the door and he saw the greatest Christmas
reunion he could ever imagine.

True Story – submitted by Pastor Rob Reid
who says God does work in mysterious ways.
I asked the Lord to bless you as I prayed for
you today, to guide you and protect you as you go 
along your way. His love is always with you. His
promises are true, and when we give Him all our
cares we know He will see us through.

Christmas at the gas station

The old man sat in his gas station on a cold Christmas Eve. 

He hadn’t been anywhere in years since his wife had passed away. It was just another day to him. He didn’t hate Christmas, just couldn’t find a reason to celebrate. He was sitting there looking at the snow that had been falling for the last hour and wondering what it was all about when the door opened and a homeless man stepped through. 

Instead of throwing the man out, Old George as he was known by his customers, told the man to come and sit by the heater and warm up. “Thank you, but I don’t mean to intrude,” said the stranger. “I see you’re busy, I’ll just go.”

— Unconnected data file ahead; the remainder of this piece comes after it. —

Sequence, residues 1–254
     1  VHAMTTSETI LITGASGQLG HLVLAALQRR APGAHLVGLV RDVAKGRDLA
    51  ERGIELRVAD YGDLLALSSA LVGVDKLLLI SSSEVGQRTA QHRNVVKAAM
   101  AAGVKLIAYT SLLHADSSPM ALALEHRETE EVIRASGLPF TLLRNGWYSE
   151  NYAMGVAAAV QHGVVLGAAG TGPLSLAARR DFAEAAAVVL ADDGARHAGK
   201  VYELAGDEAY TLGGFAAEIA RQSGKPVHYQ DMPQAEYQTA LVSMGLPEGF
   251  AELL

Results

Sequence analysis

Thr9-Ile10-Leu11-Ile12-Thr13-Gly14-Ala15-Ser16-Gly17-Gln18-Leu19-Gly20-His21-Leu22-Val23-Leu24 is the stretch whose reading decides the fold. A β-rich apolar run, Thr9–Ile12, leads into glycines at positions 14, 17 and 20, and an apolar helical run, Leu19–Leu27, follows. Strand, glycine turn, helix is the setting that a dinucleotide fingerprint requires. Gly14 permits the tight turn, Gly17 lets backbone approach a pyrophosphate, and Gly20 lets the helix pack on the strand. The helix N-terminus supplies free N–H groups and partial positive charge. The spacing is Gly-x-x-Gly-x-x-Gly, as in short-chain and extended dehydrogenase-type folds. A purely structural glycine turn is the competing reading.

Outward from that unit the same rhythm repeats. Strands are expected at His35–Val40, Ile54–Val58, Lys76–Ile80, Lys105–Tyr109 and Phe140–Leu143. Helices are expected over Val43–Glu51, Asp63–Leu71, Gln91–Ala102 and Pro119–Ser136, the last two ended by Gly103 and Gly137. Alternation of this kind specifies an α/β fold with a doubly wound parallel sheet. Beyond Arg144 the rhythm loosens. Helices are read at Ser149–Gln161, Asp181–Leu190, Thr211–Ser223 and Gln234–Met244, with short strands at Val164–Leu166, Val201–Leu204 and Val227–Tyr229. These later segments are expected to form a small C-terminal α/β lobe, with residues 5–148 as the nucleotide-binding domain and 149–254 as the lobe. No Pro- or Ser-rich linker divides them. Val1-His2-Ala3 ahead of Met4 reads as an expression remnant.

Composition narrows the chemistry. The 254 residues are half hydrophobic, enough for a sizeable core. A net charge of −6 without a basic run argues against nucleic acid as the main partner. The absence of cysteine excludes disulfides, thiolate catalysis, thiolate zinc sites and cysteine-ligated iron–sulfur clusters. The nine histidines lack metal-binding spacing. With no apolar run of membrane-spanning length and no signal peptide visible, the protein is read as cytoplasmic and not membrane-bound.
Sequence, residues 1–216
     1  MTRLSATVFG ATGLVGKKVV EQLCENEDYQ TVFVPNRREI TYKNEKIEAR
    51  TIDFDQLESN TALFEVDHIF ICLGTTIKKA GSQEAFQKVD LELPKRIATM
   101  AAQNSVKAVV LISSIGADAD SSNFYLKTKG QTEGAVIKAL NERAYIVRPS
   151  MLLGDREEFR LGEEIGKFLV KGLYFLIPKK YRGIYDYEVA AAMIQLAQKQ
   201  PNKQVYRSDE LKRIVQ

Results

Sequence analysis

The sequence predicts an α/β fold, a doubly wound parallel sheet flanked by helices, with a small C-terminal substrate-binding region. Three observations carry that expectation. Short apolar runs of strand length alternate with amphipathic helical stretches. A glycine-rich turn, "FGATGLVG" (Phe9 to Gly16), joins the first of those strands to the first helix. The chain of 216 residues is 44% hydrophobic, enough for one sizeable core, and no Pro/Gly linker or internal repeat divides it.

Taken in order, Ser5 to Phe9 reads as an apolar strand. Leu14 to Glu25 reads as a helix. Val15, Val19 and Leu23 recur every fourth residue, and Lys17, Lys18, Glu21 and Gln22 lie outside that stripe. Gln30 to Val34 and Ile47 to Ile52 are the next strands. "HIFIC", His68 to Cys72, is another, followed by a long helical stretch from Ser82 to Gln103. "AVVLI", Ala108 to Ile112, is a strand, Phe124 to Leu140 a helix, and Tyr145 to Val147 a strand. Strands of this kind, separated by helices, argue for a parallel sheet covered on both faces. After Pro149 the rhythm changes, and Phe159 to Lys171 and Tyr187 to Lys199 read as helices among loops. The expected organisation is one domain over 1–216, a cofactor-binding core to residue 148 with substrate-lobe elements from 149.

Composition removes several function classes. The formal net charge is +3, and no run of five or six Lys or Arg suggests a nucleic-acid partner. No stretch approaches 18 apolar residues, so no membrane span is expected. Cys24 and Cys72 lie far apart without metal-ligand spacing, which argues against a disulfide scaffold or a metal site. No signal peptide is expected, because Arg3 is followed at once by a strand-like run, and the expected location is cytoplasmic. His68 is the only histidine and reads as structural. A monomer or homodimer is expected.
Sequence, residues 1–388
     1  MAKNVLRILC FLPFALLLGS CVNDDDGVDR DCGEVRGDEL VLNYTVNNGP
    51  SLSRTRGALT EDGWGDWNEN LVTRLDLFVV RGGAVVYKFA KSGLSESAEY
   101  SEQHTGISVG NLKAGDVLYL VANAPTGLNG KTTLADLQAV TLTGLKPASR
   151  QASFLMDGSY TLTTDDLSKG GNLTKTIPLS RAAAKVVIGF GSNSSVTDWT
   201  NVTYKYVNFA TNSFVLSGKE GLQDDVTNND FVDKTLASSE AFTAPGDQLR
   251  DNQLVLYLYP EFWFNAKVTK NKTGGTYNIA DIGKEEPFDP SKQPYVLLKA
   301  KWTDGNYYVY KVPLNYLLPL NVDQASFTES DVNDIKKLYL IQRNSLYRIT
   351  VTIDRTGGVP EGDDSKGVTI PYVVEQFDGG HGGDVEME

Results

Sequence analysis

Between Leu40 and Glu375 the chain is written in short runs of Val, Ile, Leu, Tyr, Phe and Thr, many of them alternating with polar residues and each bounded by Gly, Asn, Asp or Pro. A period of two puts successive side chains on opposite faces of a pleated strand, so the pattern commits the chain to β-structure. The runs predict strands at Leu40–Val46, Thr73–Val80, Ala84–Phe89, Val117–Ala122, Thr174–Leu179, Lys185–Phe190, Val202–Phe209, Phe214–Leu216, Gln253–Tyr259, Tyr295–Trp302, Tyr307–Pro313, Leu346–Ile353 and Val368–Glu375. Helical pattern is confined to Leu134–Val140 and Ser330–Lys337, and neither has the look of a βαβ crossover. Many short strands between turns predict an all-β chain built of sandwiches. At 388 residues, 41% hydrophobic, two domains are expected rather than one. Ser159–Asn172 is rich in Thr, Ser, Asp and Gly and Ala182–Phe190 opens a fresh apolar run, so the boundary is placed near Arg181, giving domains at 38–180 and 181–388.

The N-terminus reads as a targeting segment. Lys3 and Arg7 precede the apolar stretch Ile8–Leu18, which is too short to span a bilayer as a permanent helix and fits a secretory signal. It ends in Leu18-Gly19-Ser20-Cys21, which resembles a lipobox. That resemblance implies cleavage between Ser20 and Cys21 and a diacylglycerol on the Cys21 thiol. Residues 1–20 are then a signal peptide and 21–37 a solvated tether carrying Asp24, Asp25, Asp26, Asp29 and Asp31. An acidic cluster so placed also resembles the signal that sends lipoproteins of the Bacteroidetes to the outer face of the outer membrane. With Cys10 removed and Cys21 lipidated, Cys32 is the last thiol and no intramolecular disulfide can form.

“Not without something hot in your belly.” George said. 

He turned and opened a wide mouth Thermos and handed it to the stranger. “It ain’t much, but it’s hot and tasty. Stew … Made it myself. When you’re done, there’s coffee and it’s fresh.” 

Just at that moment he heard the “ding” of the driveway bell. “Excuse me, be right back,” George said. There in the driveway was an old ’53 

Chevy Steam was rolling out of the front. The driver was panicked. “Mister can you help me!” said the driver, with a deep Spanish accent. “My wife is with child and my car is broken.” George opened the hood. It was bad. The block looked cracked from the cold, the car was dead. 

“You ain’t going in this thing,” George said as he turned away. 

“But Mister, please help …” The door of the office closed behind George as he went inside. He went to the office wall and got the keys to his old truck, and went back outside. He walked around the building, opened the garage, started the truck and drove it around to where the couple was waiting. “Here, take my truck,” he said. “She ain’t the best thing you ever looked at, but she runs real good.”